Some books make us laugh, others make us weep. Some books break our hearts, others fill them up and leave them stronger. Some books force us to think long and hard, others compel us to wonder and dare and hope and believe and dream. And then, every now and again, a book comes along that somehow, magically and magnificently, makes us do all of this and more.
Dusti Bowling’s debut, Insignificant Events in the Life of a Cactus, is one of those rare, magical and magnificent books that somehow, in the space of only 262 pages, contains such multitudes. I could’ve picked any passage from Dusti’s book and highlighted it here, but the thing that most bowled me over (sorry, Dusti . . . ) about her writing was how she managed to find humor everywhere, even in the most seemingly unlikely places.
You can’t teach humor. You can, however, work at it. You can try every day to look for it in both your writing and your life. Insignificant Events in the Life of a Cactus offers tons of examples of how this might be done, and also serves as an argument for why it should be done. Humor sets us at ease. It brings us closer to one another. It pries our hearts and minds open a little wider, letting in so much else that we might otherwise miss.
If you don’t know anything about Dusti’s book, there are a few things you need to know so that this passage doesn’t confuse you. For instance, that the book’s narrator, Aven, has no arms. She was born without them. Another thing you should know: she lives inside a somewhat derelict theme park called Stagecoach Pass, and in this passage is sitting in a wagon with her father. Also, her friend Connor, who she briefly mentions, has Tourette syndrome. And lastly, the “lights” in the sky that Aven’s father mentions are planets, as opposed to stars.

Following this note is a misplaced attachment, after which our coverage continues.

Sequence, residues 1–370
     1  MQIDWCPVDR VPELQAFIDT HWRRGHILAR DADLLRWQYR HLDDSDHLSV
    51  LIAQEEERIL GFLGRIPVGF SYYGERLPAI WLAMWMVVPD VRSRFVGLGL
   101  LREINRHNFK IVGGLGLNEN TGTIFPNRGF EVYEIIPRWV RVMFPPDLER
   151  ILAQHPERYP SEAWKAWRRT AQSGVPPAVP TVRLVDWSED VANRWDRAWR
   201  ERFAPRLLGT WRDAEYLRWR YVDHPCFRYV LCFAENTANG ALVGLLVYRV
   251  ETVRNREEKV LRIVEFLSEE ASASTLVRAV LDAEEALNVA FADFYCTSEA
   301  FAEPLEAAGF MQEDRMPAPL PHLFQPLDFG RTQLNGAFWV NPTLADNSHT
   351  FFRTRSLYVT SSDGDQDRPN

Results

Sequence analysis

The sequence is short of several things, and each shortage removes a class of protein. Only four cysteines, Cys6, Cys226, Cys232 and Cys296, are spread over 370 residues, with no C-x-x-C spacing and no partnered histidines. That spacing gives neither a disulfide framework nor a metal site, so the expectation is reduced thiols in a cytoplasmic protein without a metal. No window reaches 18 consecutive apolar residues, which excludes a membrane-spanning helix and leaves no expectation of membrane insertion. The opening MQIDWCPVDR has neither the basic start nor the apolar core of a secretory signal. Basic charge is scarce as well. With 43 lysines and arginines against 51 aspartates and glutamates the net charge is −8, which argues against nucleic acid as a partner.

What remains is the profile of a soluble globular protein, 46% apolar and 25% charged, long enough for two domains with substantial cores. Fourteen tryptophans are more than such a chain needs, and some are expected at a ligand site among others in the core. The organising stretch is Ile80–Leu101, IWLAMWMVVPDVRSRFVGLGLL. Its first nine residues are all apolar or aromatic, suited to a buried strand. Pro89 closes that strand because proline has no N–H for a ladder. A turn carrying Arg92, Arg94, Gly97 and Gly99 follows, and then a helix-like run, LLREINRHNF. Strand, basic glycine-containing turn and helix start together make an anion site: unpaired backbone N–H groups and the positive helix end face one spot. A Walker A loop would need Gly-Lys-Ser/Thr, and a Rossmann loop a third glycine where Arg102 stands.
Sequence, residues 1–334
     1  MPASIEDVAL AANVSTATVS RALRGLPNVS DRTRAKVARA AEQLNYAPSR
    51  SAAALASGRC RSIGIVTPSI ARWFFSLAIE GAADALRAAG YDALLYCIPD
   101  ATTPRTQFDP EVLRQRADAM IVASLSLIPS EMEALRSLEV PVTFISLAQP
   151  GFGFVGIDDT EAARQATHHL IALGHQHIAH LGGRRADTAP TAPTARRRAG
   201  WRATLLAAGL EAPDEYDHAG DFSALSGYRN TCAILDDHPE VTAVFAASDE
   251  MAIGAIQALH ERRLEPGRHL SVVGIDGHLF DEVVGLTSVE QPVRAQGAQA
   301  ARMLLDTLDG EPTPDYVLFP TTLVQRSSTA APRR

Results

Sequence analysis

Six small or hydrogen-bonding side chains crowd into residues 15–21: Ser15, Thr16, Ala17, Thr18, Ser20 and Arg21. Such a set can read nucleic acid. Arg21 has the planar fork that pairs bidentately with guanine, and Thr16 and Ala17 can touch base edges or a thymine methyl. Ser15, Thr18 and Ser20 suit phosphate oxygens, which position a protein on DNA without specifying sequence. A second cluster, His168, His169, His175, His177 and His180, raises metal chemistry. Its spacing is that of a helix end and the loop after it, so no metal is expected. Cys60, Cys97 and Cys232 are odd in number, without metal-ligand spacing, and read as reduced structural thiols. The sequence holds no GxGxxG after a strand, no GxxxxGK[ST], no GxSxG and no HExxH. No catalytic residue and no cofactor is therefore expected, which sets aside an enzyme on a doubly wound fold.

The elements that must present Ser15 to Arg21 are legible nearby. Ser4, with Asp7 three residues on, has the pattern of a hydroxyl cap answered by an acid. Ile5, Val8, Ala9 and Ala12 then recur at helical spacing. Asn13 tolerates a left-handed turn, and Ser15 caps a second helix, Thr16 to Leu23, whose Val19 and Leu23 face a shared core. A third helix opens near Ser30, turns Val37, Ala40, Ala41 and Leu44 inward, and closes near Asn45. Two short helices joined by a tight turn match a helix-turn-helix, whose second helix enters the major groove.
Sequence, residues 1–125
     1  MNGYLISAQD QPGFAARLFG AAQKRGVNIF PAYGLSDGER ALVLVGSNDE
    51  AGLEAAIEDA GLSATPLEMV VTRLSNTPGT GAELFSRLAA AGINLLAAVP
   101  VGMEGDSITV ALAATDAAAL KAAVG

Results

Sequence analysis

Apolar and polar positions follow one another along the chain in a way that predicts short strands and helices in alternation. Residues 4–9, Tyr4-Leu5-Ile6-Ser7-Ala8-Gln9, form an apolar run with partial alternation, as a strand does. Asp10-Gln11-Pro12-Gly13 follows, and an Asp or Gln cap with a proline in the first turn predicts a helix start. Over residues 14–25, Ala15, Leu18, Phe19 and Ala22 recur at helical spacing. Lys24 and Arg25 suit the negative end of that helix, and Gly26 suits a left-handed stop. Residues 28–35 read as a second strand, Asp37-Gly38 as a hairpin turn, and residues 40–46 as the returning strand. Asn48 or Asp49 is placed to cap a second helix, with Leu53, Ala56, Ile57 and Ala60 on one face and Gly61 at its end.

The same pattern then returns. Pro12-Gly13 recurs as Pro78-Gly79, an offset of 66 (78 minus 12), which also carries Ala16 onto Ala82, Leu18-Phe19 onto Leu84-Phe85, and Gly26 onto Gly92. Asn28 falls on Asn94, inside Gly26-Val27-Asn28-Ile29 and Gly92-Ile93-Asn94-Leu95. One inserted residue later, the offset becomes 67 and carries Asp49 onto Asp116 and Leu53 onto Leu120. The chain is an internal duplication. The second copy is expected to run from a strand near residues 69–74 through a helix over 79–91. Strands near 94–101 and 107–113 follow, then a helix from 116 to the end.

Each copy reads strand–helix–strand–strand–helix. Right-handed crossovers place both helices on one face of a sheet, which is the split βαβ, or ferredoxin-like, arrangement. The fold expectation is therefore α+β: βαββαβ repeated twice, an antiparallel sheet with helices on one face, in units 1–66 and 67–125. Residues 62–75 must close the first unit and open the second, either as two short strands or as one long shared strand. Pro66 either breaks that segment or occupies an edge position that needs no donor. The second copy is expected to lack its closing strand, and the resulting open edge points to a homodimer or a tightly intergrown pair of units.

Read the passage — and then read Dusti’s entire book. Feel sad and mad and happy and hopeful and daring and dreamy — and, most importantly, find the humor in every last bit of it.
. . .
INSIGNIFICANT EVENTS IN THE LIFE OF A CACTUS, by Dusti Bowling (pp. 212-214)
“I just wish I were like everyone else.”
He stared at me for a while. “Now that’s a terrible thought.”
I scowled. “How is that terrible? Connor wants to be like everyone else.” I tried my best to keep the tears from spilling out by not blinking. “And so do I.”
Dad put his arm around me. “Why do you want to be like everyone else?”
Despite my best efforts, a tear broke loose and slid down my cheek. “So I can wear cute tank tops and play the guitar at the festival and not worry about everyone staring at me all the time.” I took a deep breath. “So I don’t have to eat in the bathroom ever again.”
Dad furrowed his eyebrows. “And why do you have to eat in the bathroom, Aven?”
I wiped at my cheek with my shoulder. “Because I don’t want the other kids to see me.”
Dad sighed deeply and looked back up at the sky. “Those lights up there . . . they’re not like anything else in the sky.” He looked at me. “But they shine the brightest.”
I sniffled. “That’s so cheesy, Dad.”
He laughed. “It may sound cheesy, but it’s true.” He squeezed me tightly to him and made a ridiculous wise look, rubbing his chin thoughtfully. “No one lights a lamp and hides it under a basket. They put it on a table so it can shine for all to see.”
I rolled my eyes. I’m sure it pleased him to no end to incorporate a Sunday school lesson into our discussion. “Okay, Dad. I’ll go sit on a table.”
He kissed the top of my head. “Don’t be like everyone else, Aven. Be you.”
“And what is that exactly? A table lamp?”
“No, not a table lamp.” He poked me in the ribs, causing me to squirm beside him. “A light who shines for all to see.” He tilted my chin to look up at him. “A light who doesn’t hide in the bathroom.”
He got down from the wagon. “Come home when you’re ready. Just know Mom will be pacing the floor until you get there.”
. . .